When we talk of the pet perils of smoking, lung cancer usually sits right at the top of the pecking order. However, tobacco use is also a major trigger for oral cancer around the world and smoking cigarettes, chewing tobacco and snuff can cause cancer in the cheek, gums and lips. With pipe smokers, cancer can appear where the tobacco is held in the mouth. In India Khaini, gutka, zarda, and some forms of paan masala are widely used forms of chewing tobacco that increase the risk of oral cancer.
Research shows the risk of oral cancer is nearly 5 to 10 times higher among smokers than those who never smoked. Also, smokers are at a higher risk of dying from oral cancer than non-smokers. When alcohol and tobacco are used simultaneously, the risk of oral cancer soars 15 times more than in non-users. Doctors say 37% of their patients diagnosed with oral cancer would likely die within 5 years from being diagnosed.
Quite a grim prognosis…
What is oral cancer? How is it treated?
Oral cancer is an uncontrolled growth of abnormal cells which leads to the formation of a tumour in the mouth. The predominant sites of oral cancer are the tongue, lower lip, the floor of the mouth and the gums. The commonest cancer of the oral cavity is squamous cell carcinoma. Oral cancer symptoms include red or white spots in the mouth, which could become open sores later on.
Treatment for oral cancer could involve surgery supplemented by radiation therapy. The surgical procedure is performed to remove the affected tissue and if the cancer has spread to the jaw, part of the jawbone might need removal as well. Such a procedure can have a devastating effect on how the face looks, also impairing the ability to chew, swallow, or talk, resulting in unfathomable trauma.
How does smoking increase the risk of oral cancer?
Tobacco is a killer like no other substance and a risk factor for some 25 diseases. The World Health Organization (WHO) reports the worldwide death toll from tobacco use as 4 million annually, and set to touch 10 million per year by the early 2030’s, with 7 million deaths occurring in developing nations alone. This is a lot more than the combined number of fatalities from all illegal drugs and alcohol.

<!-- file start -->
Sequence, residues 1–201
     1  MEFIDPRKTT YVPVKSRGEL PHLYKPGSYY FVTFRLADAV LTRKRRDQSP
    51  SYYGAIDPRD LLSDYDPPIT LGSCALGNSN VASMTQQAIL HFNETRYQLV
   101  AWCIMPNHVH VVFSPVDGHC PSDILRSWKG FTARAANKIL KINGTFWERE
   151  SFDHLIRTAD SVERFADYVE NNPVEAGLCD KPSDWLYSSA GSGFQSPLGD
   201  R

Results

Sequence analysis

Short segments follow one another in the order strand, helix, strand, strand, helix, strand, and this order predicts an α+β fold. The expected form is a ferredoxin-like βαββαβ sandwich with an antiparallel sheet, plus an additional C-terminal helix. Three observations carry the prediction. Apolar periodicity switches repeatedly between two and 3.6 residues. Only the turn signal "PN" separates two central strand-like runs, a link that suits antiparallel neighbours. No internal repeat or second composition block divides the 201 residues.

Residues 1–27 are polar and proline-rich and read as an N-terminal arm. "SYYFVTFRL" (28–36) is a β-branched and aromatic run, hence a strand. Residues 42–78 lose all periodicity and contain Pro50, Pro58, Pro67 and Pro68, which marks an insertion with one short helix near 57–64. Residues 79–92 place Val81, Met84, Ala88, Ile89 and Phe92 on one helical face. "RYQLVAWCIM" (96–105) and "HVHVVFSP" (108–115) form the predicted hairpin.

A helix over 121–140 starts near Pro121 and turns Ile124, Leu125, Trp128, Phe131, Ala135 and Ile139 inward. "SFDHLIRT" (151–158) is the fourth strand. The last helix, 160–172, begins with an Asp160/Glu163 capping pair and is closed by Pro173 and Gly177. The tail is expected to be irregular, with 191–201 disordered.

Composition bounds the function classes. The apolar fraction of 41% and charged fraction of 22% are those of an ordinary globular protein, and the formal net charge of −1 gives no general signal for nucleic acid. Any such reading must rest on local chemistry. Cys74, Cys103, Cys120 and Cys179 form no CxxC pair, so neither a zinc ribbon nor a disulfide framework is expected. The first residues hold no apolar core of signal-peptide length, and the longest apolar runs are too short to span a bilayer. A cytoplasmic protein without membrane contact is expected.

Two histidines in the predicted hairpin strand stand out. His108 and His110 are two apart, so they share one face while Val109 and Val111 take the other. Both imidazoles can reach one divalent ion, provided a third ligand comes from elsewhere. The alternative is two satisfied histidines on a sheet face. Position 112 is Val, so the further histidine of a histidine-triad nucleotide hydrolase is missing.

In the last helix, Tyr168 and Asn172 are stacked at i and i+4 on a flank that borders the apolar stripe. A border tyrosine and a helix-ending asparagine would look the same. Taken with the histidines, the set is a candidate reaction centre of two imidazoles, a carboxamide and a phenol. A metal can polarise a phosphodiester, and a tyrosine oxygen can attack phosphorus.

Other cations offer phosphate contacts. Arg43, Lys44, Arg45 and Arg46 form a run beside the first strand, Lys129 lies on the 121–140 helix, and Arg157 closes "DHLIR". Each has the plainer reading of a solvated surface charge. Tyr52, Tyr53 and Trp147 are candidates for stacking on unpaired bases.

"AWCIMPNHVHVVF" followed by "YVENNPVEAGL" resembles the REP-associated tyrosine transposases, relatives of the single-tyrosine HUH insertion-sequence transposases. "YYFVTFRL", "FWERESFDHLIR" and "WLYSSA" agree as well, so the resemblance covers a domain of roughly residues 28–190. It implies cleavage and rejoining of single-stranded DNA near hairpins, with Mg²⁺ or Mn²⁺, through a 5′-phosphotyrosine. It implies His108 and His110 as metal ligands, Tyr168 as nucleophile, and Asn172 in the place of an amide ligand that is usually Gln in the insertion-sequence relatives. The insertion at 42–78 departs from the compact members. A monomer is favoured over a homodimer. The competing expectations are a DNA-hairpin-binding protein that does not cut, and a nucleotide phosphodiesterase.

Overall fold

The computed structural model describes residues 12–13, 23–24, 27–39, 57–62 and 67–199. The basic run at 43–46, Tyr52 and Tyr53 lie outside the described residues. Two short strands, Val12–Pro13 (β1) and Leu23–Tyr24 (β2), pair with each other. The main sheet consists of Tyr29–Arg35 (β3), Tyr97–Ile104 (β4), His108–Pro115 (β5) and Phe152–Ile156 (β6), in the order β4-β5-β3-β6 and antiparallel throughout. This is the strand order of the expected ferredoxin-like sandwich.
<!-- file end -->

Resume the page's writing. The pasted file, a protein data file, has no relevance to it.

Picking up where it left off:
So why is smoking so lethal? Some of the chemicals contained in tobacco smoke like toxins, carcinogens and nicotine “cause, initiate or promote” cancer. These chemicals lead to genetic changes in cells of the mouth cavity which can develop into oral cancer. Use of tobacco raises the risk of oral cancer by exposing the mouth to these carcinogenic chemicals, either during inhalation or through direct contact while chewing tobacco products.
While cigars and pipes are often believed to be less harmful, even without inhaling, cigar and pipe smokers are at a high risk for cancer of the oral cavity, esophagus, voice box, and lungs. Even smokeless tobacco products like chewing tobacco and snuff can cause cancer in the cheek, gums, and lips. Such cancers often initiate as leukoplakia, a whitish patch developing inside the mouth or throat, or erythroplakia, a red, raised patch inside the mouth. This could also be linked to esophageal and pancreatic cancers. In fact, over 28 cancer-causing chemicals have been detected in smokeless tobacco.
Tobacco causes cancer!
- Smoking and use of chewing tobacco are the most common causes of oral cancer
- Telltale signs could be a persistent non-healing ulcer in the mouth or a growth, leading to impaired speech and chewing
- Tobacco users must seek an annual oral visual examination to detect early lesions like white or red patches in the mouth or fibrosis restricting opening of the mouth
- Patients with a suspicious lesion and history of tobacco use must see a specialist ASAP for imaging and biopsy to confirm diagnosis
- In most patients with oral cancers, a surgical excision of the tumour is done and reconstructive surgery can minimize distortion of facial features and function to a considerable extent